My comment here is focused on an element of BBC World’s coverage on their specific aspect of ‘Inside Eritrea’. However, my comments are equally relevant to (and inspired by) other more recent reporting on Eritrea by the BBC and several other reputable news agencies.

“Inside” Eritrea

The main objective of the BBC team was to report on Eritrean health care system. Once inside the country, however, the BBC journalist Yelda Hakim and her crew found themselves in the same situation as the government run state media. Their hosts had taken it upon themselves to set a detailed daily agenda for the crew. When they were interviewing locals a government minder would stand nearby, jotting down records in his notebook.

Producing an independent account of health care system (at a national scale and in just a few days) must have been a daunting task in itself. Even if the reporters were given full access to staff, facility, and past records it would still have been a challenge.

In spite of the many challenges, the BBC managed to produce a report that is substantially different from the government media. Disappointingly, however, their account was different from the state media only because it included information acquired from “outside Eritrea” (as opposed to first-hand information from “inside Eritrea” as their report title suggested).

“The UN Says” reporting

The main reference many reports on Eritrean health care use is the Millennium Development Goals Report that is published by the United Nations. UN member states agreed to commit themselves towards achieving eight international development goals (MDGs)[9] following the Millennium Summit of the UN in 2000.

Each country’s progress towards the eight MDGs is measured through 60 official indicators. Indicators include a country’s growth rate of GDP, literacy rates, Infant mortality rate, etc.

Progress towards meeting the Millennium Development Goals[10] are typically self-reported by the governments (see The Millennium Development Goals Report 2014, page 54). Specifically in the case of Eritrea, over 80 per cent of the figures found in MDG reports are from Eritrean government sources. Another 10 percent of the data was based on projections which are themselves based on other available “government and regional data”.  MDG data repository conveniently indicates sources of data by color coding each individual figure.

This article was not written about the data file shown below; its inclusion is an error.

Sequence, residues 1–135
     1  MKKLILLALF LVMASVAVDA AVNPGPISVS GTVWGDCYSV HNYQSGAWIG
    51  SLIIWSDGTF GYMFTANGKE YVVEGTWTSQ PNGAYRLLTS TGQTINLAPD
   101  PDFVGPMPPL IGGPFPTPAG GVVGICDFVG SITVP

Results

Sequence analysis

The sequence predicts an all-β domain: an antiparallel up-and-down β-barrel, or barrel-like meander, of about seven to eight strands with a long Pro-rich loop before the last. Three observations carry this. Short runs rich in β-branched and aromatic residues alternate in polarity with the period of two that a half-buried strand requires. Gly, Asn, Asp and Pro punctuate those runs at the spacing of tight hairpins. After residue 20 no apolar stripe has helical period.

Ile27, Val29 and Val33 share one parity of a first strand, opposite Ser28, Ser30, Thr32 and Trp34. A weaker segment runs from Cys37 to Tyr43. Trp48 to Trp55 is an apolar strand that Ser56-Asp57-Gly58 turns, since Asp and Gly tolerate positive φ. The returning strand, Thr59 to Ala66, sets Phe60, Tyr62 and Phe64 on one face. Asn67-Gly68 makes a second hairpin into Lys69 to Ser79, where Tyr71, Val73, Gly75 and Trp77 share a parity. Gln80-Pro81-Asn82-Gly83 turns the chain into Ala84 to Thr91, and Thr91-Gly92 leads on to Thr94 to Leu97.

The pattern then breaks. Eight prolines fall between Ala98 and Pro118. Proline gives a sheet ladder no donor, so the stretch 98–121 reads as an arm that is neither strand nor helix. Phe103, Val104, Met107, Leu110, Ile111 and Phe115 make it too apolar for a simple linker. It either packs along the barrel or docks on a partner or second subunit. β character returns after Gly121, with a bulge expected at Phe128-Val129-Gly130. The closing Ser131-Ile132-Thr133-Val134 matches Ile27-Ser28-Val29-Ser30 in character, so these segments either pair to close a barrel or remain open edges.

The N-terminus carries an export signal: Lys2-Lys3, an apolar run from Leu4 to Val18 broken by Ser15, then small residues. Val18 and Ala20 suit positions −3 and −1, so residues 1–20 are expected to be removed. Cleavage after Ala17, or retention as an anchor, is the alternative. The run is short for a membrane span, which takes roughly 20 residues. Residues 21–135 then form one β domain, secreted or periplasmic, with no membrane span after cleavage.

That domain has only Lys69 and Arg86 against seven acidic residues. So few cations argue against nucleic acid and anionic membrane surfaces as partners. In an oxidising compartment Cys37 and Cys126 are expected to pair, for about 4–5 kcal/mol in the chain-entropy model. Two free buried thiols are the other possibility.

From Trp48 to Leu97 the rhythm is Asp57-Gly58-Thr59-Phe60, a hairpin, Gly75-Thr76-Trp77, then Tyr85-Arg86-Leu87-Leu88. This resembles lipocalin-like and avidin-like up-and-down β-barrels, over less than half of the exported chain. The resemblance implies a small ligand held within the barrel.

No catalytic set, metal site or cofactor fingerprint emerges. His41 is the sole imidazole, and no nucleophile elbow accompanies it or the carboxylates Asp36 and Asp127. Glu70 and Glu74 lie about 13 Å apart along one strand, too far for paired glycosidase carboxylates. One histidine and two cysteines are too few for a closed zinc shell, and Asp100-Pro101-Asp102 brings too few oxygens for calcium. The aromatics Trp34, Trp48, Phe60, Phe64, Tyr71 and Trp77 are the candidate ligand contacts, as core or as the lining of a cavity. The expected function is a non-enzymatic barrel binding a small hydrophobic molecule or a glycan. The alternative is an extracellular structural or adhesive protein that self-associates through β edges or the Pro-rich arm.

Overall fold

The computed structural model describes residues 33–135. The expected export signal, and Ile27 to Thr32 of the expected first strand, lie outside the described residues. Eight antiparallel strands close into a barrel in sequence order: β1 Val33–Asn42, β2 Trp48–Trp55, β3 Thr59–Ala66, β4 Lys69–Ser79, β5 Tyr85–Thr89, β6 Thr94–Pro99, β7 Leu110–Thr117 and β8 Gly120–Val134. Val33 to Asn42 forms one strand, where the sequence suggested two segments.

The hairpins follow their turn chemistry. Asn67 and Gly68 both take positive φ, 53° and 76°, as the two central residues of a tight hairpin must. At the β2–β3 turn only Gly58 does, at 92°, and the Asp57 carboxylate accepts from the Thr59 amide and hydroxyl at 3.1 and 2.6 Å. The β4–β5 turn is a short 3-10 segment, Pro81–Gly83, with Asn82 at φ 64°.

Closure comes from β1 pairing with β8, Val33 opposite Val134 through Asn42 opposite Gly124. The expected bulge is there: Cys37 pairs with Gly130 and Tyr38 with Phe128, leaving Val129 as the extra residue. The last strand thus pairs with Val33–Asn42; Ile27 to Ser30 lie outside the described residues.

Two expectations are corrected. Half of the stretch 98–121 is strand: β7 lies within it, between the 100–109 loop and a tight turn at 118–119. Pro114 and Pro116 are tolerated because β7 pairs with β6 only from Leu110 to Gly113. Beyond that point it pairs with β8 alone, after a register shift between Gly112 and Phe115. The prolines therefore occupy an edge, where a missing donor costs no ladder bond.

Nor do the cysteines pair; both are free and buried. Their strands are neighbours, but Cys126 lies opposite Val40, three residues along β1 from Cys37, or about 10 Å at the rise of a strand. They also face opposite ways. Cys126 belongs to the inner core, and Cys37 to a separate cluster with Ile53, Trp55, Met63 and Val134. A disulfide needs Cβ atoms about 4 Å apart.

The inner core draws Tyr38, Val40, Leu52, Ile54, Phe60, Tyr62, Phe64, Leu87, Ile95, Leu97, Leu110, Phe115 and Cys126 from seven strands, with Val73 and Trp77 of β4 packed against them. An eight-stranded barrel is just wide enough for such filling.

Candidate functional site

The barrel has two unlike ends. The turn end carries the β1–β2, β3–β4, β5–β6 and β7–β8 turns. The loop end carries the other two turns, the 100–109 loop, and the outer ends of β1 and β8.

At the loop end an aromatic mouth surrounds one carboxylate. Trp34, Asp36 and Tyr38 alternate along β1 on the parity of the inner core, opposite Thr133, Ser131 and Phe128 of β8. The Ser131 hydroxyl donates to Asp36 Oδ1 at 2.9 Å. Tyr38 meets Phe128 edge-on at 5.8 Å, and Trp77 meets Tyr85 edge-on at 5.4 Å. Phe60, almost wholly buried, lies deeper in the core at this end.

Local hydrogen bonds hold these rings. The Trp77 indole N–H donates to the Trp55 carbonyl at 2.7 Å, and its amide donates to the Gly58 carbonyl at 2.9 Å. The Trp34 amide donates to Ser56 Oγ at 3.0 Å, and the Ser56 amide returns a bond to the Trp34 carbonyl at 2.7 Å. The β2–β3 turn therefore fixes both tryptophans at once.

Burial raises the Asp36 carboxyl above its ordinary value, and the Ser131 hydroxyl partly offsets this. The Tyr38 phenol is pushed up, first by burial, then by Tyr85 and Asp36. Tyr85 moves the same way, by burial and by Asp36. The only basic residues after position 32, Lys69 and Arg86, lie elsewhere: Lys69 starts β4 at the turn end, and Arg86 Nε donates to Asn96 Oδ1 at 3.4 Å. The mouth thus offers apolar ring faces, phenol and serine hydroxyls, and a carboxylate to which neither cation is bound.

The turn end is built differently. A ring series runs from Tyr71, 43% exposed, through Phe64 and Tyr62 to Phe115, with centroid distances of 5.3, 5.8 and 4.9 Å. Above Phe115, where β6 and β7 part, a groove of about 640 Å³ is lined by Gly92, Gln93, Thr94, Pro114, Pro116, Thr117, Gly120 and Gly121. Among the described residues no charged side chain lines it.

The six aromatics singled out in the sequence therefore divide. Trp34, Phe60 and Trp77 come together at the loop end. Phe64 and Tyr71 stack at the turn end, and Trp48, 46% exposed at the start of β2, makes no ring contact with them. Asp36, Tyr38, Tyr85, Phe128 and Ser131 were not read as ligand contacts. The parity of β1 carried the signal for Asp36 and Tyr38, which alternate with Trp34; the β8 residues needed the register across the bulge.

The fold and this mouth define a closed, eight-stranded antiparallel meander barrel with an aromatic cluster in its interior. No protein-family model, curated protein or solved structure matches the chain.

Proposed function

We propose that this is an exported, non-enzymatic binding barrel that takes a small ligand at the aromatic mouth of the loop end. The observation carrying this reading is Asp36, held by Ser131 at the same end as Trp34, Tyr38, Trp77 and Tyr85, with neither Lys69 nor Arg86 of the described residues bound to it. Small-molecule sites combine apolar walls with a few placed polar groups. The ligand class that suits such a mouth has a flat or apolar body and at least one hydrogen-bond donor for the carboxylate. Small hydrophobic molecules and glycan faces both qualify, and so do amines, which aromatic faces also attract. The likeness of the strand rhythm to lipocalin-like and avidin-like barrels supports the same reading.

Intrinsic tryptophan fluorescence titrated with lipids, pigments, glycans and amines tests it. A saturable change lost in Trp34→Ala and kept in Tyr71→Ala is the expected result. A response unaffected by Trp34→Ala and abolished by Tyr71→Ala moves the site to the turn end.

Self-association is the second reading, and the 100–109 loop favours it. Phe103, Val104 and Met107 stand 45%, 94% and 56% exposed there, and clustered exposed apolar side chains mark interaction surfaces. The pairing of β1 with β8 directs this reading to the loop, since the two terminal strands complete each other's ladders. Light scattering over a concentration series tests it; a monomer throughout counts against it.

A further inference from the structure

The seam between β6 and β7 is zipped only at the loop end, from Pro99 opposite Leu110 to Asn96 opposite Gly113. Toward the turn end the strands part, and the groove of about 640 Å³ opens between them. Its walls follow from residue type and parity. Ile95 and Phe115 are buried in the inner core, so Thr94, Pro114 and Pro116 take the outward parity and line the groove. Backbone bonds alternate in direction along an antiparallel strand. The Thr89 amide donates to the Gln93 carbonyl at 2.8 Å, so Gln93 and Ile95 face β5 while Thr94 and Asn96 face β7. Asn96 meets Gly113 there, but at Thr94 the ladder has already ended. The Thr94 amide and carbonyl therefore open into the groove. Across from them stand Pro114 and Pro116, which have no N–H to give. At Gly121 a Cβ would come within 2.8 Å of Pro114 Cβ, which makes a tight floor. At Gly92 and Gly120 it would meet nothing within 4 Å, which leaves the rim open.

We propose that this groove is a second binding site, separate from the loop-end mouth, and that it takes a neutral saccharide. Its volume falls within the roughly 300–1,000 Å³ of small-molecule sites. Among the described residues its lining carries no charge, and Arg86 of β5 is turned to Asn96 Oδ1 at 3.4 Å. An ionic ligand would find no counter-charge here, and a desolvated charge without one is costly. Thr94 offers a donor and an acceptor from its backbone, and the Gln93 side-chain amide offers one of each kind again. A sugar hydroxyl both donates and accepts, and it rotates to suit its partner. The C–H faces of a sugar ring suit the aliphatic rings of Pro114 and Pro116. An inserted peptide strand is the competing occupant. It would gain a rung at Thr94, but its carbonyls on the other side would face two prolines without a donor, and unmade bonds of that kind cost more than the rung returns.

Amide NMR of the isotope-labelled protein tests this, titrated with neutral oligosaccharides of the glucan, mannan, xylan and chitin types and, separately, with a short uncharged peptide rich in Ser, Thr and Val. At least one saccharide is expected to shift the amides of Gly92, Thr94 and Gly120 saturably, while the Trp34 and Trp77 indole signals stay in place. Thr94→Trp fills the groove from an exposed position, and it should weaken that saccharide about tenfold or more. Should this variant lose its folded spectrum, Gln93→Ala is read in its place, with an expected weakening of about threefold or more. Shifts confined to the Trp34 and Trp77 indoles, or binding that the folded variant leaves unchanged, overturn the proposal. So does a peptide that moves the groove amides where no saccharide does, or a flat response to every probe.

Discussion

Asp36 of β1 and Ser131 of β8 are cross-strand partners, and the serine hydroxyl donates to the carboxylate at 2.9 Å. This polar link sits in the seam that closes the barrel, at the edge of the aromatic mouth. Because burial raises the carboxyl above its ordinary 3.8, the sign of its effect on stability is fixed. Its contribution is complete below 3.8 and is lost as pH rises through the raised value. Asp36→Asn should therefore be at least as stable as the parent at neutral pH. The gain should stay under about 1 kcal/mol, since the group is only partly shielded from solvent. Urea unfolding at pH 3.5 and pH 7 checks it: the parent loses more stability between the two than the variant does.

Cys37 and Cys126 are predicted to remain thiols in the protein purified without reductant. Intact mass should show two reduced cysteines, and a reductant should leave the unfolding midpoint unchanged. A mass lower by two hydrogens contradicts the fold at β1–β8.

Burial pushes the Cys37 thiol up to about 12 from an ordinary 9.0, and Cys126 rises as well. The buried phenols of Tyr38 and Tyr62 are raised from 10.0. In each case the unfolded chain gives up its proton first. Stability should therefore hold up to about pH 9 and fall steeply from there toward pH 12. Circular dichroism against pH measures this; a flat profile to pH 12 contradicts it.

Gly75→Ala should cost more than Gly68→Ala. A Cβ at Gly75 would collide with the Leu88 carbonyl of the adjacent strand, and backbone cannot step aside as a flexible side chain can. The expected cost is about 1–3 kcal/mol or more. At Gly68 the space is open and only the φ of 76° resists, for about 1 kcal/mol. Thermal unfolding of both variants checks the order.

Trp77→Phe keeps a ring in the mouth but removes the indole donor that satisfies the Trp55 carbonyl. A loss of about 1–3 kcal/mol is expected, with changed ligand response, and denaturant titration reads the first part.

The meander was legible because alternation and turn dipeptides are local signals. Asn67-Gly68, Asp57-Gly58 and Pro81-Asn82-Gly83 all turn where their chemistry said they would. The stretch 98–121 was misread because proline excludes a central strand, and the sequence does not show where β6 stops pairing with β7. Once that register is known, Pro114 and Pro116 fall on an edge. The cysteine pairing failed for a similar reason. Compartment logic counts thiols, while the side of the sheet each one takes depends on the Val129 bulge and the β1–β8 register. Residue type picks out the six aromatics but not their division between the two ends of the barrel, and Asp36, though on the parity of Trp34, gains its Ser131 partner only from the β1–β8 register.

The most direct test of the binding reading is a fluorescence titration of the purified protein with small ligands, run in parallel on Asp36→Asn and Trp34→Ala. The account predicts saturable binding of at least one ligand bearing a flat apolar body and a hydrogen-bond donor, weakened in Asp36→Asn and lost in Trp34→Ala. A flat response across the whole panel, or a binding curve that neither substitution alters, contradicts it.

More than 80% of the indicators reported by the MDG reports on Eritrea is data directly provided by the Eritrean government.

The MDG reports, despite clearly indicating that the progress figures are self-reported by the individual countries, are often mistakenly taken as numbers produced by the United Nations. The phrase, “The UN says”, “According to the UN”, or “The UN estimates” are often amended to figures about Eritrea.

Mentioning “United Nations” when reporting figures from MDG reports about Eritrea is often misleading. The added effort of verifying where the MDG report got its data is critical.

Eritrea’s Exceptional progress Towards the Millennium Development Goals.

Typical of Eritrean government data, all the available indicators reported by the MDG show a positive progress of Eritrea. The exceptions are ‘Carbon dioxide emissions’ and ‘Consumption of Ozone-depleting substance’. In these two indicators only did Eritrea fail to make a positive progress since the early 1990’s.